The marital home is frequently the largest asset between the parties to be divided in a divorce. When and how the marital home was acquired will be a major factor in determining who gets the marital home temporarily and permanently.
What is Exclusive Use and Possession?
Exclusive use and possession refers to one party receiving permission to use the home for their own purposes. Conditions are frequently provided for, as well. A frequent condition to receiving exclusive use and possession of a home is typically connected with paying the mortgage or other household bills. This sometimes occurs initially after holding a temporary needs hearing or a domestic violence injunction hearing. The most expedient, but not necessarily recommended way that a spouse can obtain exclusive use and possession of a home is through a domestic violence case. Using a domestic violence case to obtain exclusive use and possession should only be pursued when it involves a Petitioner that has been the victim of domestic violence. In other words, a petition for injunction should only be filed when actually necessary to stop or prevent violence. Where domestic violence is not an issue, a temporary needs hearing would be the best vehicle to obtain a temporary order to decide who stays in the home temporarily. The author has seen a number of occasions where both parties shared the home while they waited for a final hearing because neither party had a good option to leave. This is not recommended, as it is natural for hostility to build between two partis going through a divorce.
Where violence between the parties does not exist, a temporary needs motion can be filed to allow the divorce judge or Magistrate to decide the issue on a temporary basis. A hearing before a Magistrate is sometimes more expedient. However, there are other complications when a Magistrate hears the issue that relate to a 10 day period wherein a Magistrate’s decision and proposed order cannot be sent to the Circuit Judge for entry.
Who Receives the Equity in the Home?
As to who receives the home, this depends on a number of factors. If the home was the separate property of either spouse prior to the marriage, that spouse retains ownership, assuming he did not transfer the ownership during the marriage. The owner does not automatically receive exclusive use and possession of the property. If the home was used as a marital home, the non-owner spouse may still receive exclusive use and possession of the home for some period of time if there are minor children of the marriage and the non-owner spouse is the primary residential parent. One example the author has encountered in his practice involved the Mother being permitted to raise the minor children in the marital home and when the youngest child turned 18, the home was required to be sold and the equity split between the parties. There can be numerous variations to this arrangement depending on whether or not there is a mortgage and depending upon the financial position of the parties. Family Law Judges are given a significant amount of discretion in deciding these issues.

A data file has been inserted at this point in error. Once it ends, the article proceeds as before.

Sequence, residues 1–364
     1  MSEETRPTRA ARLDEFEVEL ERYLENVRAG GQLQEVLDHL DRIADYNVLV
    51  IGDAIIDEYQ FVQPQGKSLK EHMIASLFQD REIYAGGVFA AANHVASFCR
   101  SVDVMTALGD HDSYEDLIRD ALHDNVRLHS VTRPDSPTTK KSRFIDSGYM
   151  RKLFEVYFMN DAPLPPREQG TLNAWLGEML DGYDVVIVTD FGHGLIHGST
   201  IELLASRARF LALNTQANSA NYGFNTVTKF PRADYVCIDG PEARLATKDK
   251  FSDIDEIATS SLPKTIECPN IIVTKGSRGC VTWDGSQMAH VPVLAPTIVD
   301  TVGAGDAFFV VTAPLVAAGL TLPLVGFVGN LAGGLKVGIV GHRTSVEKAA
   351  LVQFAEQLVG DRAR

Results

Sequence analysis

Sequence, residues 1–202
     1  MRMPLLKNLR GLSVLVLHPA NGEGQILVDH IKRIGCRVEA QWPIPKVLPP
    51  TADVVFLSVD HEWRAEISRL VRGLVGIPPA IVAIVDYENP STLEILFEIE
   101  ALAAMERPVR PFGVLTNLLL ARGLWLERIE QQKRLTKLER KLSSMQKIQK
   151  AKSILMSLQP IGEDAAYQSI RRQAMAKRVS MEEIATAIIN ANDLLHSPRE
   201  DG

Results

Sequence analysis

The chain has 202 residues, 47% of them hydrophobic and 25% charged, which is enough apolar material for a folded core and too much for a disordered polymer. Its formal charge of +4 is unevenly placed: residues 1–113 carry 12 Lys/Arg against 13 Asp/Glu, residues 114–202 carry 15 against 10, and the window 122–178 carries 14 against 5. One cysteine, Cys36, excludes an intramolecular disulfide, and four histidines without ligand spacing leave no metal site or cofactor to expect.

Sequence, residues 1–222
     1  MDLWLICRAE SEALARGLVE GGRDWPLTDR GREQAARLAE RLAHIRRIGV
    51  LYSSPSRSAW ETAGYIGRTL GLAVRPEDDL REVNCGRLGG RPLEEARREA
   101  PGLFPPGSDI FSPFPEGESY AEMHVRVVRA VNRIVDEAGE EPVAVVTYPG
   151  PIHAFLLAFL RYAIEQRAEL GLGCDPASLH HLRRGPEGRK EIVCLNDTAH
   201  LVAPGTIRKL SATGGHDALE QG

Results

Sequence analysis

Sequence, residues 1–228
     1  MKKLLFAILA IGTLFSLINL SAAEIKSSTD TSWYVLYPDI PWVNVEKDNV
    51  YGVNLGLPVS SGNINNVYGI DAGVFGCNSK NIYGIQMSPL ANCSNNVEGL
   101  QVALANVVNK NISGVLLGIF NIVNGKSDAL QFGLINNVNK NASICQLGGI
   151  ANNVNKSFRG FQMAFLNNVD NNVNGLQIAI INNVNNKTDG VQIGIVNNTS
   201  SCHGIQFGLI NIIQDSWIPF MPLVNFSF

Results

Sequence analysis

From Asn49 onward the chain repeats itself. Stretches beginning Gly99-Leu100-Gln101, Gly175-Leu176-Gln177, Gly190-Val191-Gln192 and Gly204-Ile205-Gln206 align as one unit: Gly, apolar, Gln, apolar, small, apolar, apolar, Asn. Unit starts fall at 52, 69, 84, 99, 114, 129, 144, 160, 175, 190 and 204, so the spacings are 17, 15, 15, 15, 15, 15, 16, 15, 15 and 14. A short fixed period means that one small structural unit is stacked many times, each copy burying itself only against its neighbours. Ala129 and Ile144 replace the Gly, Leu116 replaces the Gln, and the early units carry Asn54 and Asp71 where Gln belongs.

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About the author
Neil Weinreb is a licensed Florida attorney who has been practicing law for over 17 years in North Florida. Mr. Weinreb received the highest possible rating from Martindale Hubbell, AV Pre-eminent. Mr. Weinreb works for the Law Office of David M. Goldman in Jacksonville, Florida and regularly handles divorce issues. Mr. Weinreb has worked as an adjunct professor teaching law to paralegal students at Jones College in Jacksonville, Florida. You can contact Mr. Weinreb at the Law Office of David M. Goldman for a free initial consultation. An important case that Mr. Weinreb successfully appealed in 2017 was, Sencoa Crawford v. State of Florida in which Florida’s First District Court of Appeals found that hearing officers did not have the authority to order arrests of Obligors. Crawford v. Department of Revenue, 219 So. 3d 224 (1st DCA 2017).